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Taurus Ply 22 LR

Discussion in 'Handguns: Autoloaders' started by the iron horse, Jun 11, 2013.

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  1. the iron horse

    the iron horse Member

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    I've been reading reviews of this pistol.

    I'm about convinced to buy one.

    Any thoughts / experiences with the pistol / other suggestions

    Thanks
     
  2. rule303

    rule303 Member

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    Seem to be a pretty decent little pistol if it fills a niche for you. I have one just for fun, and it has been reliable with almost every ammo I have tried. The sights and long, heavy trigger pull makes plinking or target shooting a challenge, and the caliber leaves a lot to be desired for a carry gun. Mine is quite accurate if you can hold it on target, will shoot about a 2" group at 15yds with a rest.
     
  3. weblance

    weblance Member

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    I really like mine. Ive had it for a while. Its an accurate little pistol. I took out the magazine disconnect. It was a simple job. Dont dry-fire this pistol, it will leave a mark on the chamber. Mine runs well on CCI ammo, and Blazers are my load of choice. I got a great deal last year. I paid $185 for the stainless model. Keep a round count in your head when shooting, as there is no "Last Shot Hold Open" and again, try not to fire on an empty chamber.
     
  4. Kiln

    Kiln Member

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    I've had one for a little while now and have a few rounds through mine, less than a thousand but getting close. It has been a good pistol and I'm going to list a few observations based on my experience.

    Here's what I think you should know about them:

    1. They're very light and comfortable to carry because of their relatively compact size. They can be easily carried around in a pocket and you might almost forget it is there unless you wear your pants skin tight.

    2. They're very ammo sensitive, especially at first. When I first got mine, I hated it and was honestly considering getting rid of it before I tried CCI Minimags. You won't like this thing if you expect to shoot cheap bulk ammo through it because the recoil springs are stiff because with the design of this gun, they have to be. With quality ammo, which is hard to find right now, it is extremely reliable.

    3. The flip up barrel is very convenient and the design is interesting. The gun field strips in seconds because of the design, which makes it very easy to maintain.

    4. The trigger is DAO. It is pretty smooth and breaks clean but it takes some getting used to if you don't have experience with DAO pistols.

    5. It has no extractor. The pistol uses the normal rearward slide movement to eject spent casings and load the next round but if you rack the slide, it will almost certainly fail to remove an unspent round. The flip up barrel makes clearing failures easy but you've got to understand that you've got to flip the barrel up, clear the unspent round, pivot the barrel back into place, and then rack the slide if you experience a failure.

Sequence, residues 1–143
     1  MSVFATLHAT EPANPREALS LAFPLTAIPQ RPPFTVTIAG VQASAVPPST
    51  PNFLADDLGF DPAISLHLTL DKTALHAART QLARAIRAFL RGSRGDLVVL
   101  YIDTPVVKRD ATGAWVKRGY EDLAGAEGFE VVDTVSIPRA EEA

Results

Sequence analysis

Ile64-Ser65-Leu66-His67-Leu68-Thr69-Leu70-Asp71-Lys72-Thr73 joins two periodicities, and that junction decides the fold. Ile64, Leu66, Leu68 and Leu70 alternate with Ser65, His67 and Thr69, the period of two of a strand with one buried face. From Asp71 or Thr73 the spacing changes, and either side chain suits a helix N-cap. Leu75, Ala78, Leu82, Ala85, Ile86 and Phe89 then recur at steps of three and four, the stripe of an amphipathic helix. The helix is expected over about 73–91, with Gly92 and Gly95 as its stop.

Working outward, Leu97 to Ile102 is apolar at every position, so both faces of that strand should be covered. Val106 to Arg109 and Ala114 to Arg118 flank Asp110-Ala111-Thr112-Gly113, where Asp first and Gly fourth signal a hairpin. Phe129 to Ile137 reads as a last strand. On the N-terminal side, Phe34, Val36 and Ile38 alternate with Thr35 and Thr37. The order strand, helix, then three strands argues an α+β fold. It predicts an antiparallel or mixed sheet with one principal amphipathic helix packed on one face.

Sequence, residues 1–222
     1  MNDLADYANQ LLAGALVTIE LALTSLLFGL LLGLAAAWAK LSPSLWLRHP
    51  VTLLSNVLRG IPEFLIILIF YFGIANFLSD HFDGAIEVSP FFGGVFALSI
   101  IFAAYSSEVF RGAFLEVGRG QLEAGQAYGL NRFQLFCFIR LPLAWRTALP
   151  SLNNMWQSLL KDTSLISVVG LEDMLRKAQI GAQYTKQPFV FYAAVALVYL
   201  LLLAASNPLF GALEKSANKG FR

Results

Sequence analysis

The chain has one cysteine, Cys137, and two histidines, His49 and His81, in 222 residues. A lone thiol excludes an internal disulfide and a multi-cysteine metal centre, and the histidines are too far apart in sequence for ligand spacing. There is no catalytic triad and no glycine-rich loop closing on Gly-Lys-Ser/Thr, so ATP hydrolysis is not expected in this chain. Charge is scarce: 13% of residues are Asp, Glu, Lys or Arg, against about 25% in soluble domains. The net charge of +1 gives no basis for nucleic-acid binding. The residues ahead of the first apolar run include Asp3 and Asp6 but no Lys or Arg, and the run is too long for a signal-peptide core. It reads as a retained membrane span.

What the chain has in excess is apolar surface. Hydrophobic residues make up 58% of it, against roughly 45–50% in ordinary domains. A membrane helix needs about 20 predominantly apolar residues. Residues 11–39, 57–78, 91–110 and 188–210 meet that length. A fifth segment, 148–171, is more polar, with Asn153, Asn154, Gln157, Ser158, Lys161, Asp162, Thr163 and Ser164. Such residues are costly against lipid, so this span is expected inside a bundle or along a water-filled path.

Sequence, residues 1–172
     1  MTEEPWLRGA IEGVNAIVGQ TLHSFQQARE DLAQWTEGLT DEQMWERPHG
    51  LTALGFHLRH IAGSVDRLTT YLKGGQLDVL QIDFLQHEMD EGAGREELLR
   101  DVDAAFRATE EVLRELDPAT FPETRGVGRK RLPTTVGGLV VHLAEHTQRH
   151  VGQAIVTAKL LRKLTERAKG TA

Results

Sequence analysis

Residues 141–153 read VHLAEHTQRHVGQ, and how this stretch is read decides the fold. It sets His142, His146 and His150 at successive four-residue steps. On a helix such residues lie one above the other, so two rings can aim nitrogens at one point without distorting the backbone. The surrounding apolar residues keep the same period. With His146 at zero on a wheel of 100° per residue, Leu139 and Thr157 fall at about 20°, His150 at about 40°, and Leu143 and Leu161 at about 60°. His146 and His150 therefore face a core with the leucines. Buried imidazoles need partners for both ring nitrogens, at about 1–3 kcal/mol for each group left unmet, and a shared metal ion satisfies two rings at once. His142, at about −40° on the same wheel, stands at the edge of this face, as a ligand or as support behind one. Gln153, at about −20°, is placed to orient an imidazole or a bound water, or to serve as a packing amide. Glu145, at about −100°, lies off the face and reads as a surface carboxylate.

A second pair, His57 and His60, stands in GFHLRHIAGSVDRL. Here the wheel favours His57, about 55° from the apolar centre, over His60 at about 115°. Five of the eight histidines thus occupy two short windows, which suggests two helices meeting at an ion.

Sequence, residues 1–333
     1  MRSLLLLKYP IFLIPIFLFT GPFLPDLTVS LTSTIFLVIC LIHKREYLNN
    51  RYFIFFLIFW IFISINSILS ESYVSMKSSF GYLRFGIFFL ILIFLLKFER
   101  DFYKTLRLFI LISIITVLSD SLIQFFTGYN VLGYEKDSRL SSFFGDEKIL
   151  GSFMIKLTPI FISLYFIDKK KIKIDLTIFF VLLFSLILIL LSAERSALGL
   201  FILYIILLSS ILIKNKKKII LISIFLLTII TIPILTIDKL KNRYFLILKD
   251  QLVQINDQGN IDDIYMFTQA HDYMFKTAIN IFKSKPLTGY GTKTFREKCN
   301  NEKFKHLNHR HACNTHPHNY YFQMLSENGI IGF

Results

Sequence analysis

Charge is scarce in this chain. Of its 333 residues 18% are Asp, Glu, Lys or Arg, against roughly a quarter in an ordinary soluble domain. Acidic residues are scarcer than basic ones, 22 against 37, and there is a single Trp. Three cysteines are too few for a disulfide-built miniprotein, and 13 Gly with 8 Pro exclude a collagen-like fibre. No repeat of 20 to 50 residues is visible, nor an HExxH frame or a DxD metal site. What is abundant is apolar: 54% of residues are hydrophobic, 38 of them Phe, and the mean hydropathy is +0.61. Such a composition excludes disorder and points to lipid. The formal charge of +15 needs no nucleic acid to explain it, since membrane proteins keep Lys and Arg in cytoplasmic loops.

Basically I think that if you get one and run quality ammo through it, the PLY22 will probably become one of your favorite pocket guns. I've really enjoyed mine.

    Here's a picture of my PLY22:

    [​IMG]
     
  5. kokapelli

    kokapelli Member

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    Ok I'm a little confused here! If the pistol has no extractor how does the rearward movement of the slide help to eject the spent casing?
     
  6. Taurus 617 CCW

    Taurus 617 CCW Member

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    Its a straight blowback design, just like the Beretta version. The recoil operation is dependent on a certain grit of polish in the chamber (between 400 and 600 grit) in order to move rearward at the right time. After the case has expanded, cooled, and the barrel has left the muzzle, the inertia generated from the powder burning drives the case rearward. The gun was designed with a certain weight of slide and recoil spring so it doesn't overpower the inertia created.

    I did the same thing with a 10/22 a couple of weeks ago. A customer had a problem with an aftermarket extractor so I removed it and test fired. It ejected perfectly without it. On straight blowback design guns, the extractor is only there in the event that you have to manually extract a case from the chamber.
     
  7. kokapelli

    kokapelli Member

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    Thanks.
     
  8. aarondhgraham

    aarondhgraham Member

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    I own the 22-PLY and the 22-PLY,,,

    I own the 22-PLY and the 22-PLY,,,
    I absolutely love both guns.

    [​IMG]

    I had terrible luck with Taurus revolvers,,,
    But I decided to give the PLY guns a chance,,,
    The .25 has never failed me in over 400 rounds of ammo,,,
    The .22 has performed perfectly and I'm in my 4th 550 round bulk pack.

    I do keep them very clean and well lubed,,,
    I primarily use Federal Bulk Pack HP's from Wally World,,,
    But the gun also ran with some CC_ Blazer and of course Mini-Mags.

    The only thing that bothers me is the long trigger reset,,,
    I had to constantly remind myself to let the trigger go fully forward,,,
    But even that is no big deal because it only took a bit of practice to master that quirk.